The study was conducted in accordance with the guidelines of the Helsinki Declaration and was approved by independent ethics committees at all study sites prior to the start of the study, including the Peking University Third Hospital Medical Science Research Ethics Committee [2013-98-ssh-hxx (2013-100)]; Institutional Review Board of Beijing ChaoYang Hospital (IRB20140109); Institutional Review Board of Beijing Chaoyang Hospital, Capital Medical University [2014-02-21 (1)]; Ethics Committee of Beijing Tongren Hospital, Capital Medical University (TREC2014-03); Ethical Committee of Ruijin Hospital Affiliated to Shanghai JiaoTong University School of Medicine (2014-16); Huashan Hospital Institutional Review Board (2014-5-26); Ethical Committee of Shanghai Pulmonary Hospital (3-075HX); Ethical Committee of the Fifth People’s Hospital of Shanghai (2014-016); Ethics committee of the Institutional Review Board of Shanghai Songjiang Central Hospital [201415-(2013-98-SSH-HXK)]; Ethics Committee of the Shanghai Minhang District Central Hospital of Ruijin Group [IRB20140325]; Peking University Third Hospital Medical Science Research Ethics Committee [2013-98-ssh-hxx (100)]; Ethics Committee of the First Affiliated Hospital, Nanjing Medical University, Jiangsu Province Hospital (IRB20140225); ERB of Guangzhou First People hospital (SOP-CX-011-03); Ethical Committee of Jiangsu Province (2014-SR-020); Committee of Nanjing General Hospital of Nanjing Military Command (2014NLY-003); Shandong Provincial Qianfoshan Hospital medical ethics committee (IRB20140211); Ethical Committee of The General Hospital Tianjin Medical University (IRB2013-088-01); Ethical Committee of The General Hospital of Shenyang Military Region (2014-#12); Ethics Committee of The First Hospital of Jilin University (140313-028); The Institutional Review Board of Second Hospital of Jilin University (2014-003); The Institutional Review Board of the Affiliated Hospital of Inner Mongolia University (2013MER-0002); The Institutional Review Board of the Affiliated Hospital of Inner Mongolia Medical University (2014-002); The Institutional Review Board of Hebei Provincial People’s Hospital (Y-2014-01); Ethical Committee of The Second Hospital of Hebei Medical University (IRB20140314); The Institutional Review Board of China National Petroleum Corporation Central Hospital (IRB20140109); Ethics Committee of Shanxi Provincial People’s Hospital (IRB20140301); Shanxi Dayi Hospital Ethical Committee (IRB20140402); Ethics Committee of First Hospital of Shanxi Medical University (2014-13); The Institutional Review Board of Yuncheng Central Hospital of Shanxi Province (IRB20140116); Institutional Review Board of Henan Provincial People’s Hospital (IRB20140308); Institutional Review Board of the People’s Hospital of Zhengzhou University (IRB20140228); Ethics Committee of Anhui Medical University (PJ2014-02-04); Ethics Committee of Fujian Provincial Hospital (IRB20140516); Institutional Review Board and the Ethics Committee at Jiangxi Province People’s Hospital (2014-004); Ethics Committee of Hubei Province Hospital of Traditional Chinese Medicine (2014-013); Ethics Committee Xiangya Hospital of Central-South University (IRB201403021); Ethical Committee of The Third Xiangya. Hospital of Central South University (2014-IRB-022); IRB of West China Hospital (2014-1); Ethical Committee of the First Affiliated Hospital of Third Military Medical University, PLA (2014-10); Ethics Committee of Xinqiao Hospital, Third Military Medical University (2014026); Medical Ethics Committee of Shaanxi Provincial People’s Hospital (2014-R003); IEC of Institution for National Drug Clinical Trails, Tangdu Hospital, Fourth Military Medical University (IRB2014013); Medical Ethics Committee of General Hospital of Ningxia Medical University (IRB20140306). Written informed consents were obtained from all patients prior to the start of the study.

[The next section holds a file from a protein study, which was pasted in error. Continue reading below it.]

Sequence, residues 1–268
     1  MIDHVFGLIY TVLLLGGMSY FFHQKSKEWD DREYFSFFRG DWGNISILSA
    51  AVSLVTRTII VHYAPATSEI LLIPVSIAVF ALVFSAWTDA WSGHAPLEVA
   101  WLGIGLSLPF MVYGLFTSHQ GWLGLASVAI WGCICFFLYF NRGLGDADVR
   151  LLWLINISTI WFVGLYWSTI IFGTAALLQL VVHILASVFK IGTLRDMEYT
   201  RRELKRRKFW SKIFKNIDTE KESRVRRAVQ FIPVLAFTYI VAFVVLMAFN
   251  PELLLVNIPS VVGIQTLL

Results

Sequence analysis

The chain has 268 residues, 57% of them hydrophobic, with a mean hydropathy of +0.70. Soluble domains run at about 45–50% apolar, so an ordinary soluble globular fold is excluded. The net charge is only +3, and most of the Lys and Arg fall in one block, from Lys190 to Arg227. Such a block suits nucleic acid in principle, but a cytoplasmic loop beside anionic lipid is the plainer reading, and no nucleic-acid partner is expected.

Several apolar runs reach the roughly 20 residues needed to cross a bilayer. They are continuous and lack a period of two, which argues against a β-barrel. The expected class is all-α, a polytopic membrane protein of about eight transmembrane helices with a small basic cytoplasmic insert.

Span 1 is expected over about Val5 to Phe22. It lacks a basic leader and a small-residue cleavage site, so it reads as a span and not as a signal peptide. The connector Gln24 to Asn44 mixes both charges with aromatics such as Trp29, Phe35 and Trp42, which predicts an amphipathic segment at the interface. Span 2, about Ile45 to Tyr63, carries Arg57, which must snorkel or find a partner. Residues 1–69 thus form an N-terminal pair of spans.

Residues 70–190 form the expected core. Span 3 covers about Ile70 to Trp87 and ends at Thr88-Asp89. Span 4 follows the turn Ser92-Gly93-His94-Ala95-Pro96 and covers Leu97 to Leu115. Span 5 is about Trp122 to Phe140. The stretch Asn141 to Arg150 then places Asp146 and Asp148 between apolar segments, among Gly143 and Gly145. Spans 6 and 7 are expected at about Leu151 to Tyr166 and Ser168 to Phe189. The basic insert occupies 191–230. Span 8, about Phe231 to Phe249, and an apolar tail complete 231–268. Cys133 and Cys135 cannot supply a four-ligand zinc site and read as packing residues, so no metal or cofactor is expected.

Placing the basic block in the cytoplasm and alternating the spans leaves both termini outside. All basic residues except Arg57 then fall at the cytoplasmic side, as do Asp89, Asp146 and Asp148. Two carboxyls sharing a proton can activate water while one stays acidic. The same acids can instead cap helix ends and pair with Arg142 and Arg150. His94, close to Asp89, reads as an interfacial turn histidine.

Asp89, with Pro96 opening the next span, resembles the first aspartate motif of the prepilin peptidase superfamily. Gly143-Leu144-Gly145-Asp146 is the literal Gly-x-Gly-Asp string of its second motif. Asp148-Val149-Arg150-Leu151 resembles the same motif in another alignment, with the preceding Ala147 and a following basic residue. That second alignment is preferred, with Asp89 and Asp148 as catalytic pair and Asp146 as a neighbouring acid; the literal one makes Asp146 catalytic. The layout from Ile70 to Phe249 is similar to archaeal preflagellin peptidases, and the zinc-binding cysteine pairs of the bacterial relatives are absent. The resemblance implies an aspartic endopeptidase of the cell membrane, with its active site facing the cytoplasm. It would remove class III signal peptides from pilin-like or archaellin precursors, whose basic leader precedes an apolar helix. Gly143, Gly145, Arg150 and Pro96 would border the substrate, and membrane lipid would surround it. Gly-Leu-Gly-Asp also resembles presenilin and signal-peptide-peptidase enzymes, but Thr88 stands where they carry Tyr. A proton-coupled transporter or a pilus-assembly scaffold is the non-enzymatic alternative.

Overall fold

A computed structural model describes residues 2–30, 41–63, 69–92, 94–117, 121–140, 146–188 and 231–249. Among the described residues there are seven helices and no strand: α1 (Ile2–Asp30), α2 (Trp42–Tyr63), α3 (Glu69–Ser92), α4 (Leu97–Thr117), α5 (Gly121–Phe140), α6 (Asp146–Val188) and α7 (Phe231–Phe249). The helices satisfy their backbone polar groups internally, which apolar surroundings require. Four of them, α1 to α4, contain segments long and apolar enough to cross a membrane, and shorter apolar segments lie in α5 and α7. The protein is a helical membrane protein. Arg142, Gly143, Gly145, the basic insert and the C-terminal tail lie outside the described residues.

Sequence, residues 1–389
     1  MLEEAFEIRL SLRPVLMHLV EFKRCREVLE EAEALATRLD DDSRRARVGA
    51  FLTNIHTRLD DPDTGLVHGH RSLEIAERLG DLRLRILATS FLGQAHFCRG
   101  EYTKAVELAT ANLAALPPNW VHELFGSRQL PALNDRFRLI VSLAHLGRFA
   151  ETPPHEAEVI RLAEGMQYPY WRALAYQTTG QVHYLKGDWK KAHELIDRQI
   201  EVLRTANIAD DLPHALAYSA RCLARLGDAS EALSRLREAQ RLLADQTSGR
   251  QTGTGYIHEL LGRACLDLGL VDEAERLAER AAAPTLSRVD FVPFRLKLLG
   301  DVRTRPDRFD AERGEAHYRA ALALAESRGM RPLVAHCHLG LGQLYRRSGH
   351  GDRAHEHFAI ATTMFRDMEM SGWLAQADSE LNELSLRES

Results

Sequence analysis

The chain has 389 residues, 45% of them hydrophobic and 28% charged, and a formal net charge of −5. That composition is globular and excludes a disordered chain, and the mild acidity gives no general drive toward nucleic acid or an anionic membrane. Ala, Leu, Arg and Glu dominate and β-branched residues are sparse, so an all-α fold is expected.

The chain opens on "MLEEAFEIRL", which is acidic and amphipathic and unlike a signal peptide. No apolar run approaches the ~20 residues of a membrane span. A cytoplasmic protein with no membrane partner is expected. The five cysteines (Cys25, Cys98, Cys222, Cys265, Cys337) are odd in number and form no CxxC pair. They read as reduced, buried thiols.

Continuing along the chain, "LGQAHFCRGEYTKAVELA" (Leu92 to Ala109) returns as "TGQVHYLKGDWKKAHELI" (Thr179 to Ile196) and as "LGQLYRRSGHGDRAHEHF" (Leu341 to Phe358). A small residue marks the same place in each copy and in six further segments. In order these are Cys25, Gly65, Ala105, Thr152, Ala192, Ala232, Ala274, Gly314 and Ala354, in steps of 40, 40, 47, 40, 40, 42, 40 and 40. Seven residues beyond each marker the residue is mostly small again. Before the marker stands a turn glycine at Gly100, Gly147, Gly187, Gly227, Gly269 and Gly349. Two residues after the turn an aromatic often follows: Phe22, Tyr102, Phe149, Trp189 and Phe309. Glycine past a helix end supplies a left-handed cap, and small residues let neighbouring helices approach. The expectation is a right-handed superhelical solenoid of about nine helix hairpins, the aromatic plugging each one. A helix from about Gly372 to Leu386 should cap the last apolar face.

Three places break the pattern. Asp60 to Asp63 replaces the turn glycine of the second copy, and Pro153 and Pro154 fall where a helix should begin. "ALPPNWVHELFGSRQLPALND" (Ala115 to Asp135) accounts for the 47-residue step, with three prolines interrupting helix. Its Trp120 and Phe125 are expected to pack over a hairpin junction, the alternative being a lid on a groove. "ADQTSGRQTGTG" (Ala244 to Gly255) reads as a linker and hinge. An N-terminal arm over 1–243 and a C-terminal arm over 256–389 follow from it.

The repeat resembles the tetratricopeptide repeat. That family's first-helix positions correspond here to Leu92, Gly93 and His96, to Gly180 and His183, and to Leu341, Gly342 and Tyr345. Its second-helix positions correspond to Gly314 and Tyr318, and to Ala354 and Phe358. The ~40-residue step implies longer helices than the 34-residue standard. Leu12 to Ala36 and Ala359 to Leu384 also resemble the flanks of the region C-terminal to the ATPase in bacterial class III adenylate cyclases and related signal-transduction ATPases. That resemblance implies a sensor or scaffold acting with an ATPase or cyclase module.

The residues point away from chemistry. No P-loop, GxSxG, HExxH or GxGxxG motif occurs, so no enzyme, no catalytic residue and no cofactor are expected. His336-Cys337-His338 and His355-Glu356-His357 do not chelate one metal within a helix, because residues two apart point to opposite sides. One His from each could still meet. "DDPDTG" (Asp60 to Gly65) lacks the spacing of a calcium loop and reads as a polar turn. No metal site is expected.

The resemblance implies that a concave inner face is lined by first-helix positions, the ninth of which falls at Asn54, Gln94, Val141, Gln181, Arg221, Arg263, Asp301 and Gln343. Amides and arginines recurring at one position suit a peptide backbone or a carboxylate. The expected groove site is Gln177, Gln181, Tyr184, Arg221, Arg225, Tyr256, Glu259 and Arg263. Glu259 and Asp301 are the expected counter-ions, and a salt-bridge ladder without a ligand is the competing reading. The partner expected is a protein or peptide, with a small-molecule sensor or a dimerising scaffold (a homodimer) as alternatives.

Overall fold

Inclusion And Exclusion Criteria